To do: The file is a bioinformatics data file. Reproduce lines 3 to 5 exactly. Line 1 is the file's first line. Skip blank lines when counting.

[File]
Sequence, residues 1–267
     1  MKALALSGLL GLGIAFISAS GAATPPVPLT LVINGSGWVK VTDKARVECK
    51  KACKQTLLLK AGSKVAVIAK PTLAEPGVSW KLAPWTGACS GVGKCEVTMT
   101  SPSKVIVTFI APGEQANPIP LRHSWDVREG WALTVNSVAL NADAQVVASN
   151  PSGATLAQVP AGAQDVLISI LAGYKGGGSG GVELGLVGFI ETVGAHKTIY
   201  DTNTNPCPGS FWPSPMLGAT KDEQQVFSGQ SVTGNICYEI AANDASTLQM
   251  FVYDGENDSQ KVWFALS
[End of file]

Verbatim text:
    51  KACKQTLLLK AGSKVAVIAK PTLAEPGVSW KLAPWTGACS GVGKCEVTMT
   101  SPSKVIVTFI APGEQANPIP LRHSWDVREG WALTVNSVAL NADAQVVASN
   151  PSGATLAQVP AGAQDVLISI LAGYKGGGSG GVELGLVGFI ETVGAHKTIY